My wife and I have this plan: retire, sell our home, and travel abroad indefinitely. We'll have no permanent physical residence. We are US citizens, and our legal residence and domicile will be in Florida, where we'll have driver's licenses and voter registration. We'll have an address at a mail-handling service. We'll also use the home address of a relative in Florida for some things that prohibit using a mail-handling address.
We'll stay in each country or visa area (eg: Schengen) for several months at a time on tourist visas, rarely returning to the US. I assumed that showing sufficient funds, proof of lodging in the host country, and an onward or return ticket would allow us entry into the various popular tourist destinations around the world.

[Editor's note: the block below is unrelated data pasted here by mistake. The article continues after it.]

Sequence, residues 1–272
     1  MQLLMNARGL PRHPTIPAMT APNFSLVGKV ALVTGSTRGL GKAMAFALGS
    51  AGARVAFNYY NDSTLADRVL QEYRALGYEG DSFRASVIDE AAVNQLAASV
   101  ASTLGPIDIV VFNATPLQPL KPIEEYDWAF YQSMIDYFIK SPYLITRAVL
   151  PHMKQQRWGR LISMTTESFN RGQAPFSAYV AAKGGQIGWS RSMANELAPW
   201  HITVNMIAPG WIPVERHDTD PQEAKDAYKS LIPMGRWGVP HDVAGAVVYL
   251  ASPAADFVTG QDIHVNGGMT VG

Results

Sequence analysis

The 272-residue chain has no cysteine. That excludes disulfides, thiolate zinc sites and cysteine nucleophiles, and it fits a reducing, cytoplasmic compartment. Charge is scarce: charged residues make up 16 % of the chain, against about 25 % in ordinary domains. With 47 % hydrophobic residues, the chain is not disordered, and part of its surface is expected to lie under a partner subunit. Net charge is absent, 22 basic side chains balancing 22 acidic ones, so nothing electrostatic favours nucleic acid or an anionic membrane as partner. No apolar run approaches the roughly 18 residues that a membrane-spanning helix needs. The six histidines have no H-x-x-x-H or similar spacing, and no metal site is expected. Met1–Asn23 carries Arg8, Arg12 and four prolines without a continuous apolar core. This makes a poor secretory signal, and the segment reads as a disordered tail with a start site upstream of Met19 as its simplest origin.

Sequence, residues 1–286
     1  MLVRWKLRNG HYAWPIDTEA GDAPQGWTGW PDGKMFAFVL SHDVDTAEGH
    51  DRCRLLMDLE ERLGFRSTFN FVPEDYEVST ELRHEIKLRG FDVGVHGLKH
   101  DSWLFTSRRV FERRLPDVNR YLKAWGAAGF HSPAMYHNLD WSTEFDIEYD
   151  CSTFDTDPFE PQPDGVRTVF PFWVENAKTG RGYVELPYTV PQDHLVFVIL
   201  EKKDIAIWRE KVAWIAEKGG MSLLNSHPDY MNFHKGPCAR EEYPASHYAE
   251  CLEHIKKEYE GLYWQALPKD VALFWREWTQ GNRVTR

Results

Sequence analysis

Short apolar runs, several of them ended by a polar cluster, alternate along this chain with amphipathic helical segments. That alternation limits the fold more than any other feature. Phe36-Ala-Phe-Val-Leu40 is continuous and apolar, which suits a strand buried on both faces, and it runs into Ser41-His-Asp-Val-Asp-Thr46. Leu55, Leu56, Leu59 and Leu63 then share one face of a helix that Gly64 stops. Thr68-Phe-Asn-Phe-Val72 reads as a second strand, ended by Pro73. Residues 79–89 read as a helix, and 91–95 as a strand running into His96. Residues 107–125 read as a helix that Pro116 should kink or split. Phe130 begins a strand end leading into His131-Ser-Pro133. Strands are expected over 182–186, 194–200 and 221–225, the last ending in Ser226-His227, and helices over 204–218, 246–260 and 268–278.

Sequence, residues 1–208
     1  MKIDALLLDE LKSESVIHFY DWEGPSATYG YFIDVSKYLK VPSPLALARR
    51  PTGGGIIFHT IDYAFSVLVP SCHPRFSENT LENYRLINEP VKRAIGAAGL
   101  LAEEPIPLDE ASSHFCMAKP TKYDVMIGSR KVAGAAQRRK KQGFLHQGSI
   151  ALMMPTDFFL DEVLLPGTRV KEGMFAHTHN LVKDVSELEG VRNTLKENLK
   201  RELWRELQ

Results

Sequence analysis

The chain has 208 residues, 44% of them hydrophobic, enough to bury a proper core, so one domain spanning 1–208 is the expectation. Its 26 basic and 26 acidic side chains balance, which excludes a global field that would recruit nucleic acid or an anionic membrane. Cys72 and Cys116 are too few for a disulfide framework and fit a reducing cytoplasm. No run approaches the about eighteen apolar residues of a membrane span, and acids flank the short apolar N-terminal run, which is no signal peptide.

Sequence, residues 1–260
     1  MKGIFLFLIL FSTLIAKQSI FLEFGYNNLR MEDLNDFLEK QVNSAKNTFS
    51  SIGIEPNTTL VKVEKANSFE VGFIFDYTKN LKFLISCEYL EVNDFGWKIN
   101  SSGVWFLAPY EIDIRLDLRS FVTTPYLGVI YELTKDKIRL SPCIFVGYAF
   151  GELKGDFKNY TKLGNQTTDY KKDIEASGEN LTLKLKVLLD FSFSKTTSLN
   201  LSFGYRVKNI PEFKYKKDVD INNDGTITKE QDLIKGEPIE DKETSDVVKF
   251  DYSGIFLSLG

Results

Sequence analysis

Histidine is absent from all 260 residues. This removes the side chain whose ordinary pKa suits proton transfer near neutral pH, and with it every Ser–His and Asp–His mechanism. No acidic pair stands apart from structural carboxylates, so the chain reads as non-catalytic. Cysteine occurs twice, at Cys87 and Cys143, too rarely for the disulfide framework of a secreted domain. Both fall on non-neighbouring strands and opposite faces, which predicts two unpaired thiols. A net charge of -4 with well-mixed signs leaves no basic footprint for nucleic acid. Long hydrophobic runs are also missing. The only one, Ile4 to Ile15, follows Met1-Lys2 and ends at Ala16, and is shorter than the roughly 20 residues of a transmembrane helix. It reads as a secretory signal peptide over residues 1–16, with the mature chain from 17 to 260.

However, this question has me wondering, because the OP is a US citizen and was denied entry to Canada partly because the OP "couldn't provide proof of permanent residency in the USA", such as utility bills. Presumably Canada was worried that the OP would not leave after entering. How big a deal for US citizens is a lack of permanent residence when attempting to enter foreign countries (not just Canada) on a tourist visa, intending to stay for several months? And even if we maintain a permanent residence in the US, would other countries have a problem if we almost never go back to our home country?
I'd like general answers, but if the question is too broad, then assume we are entering the Schengen area.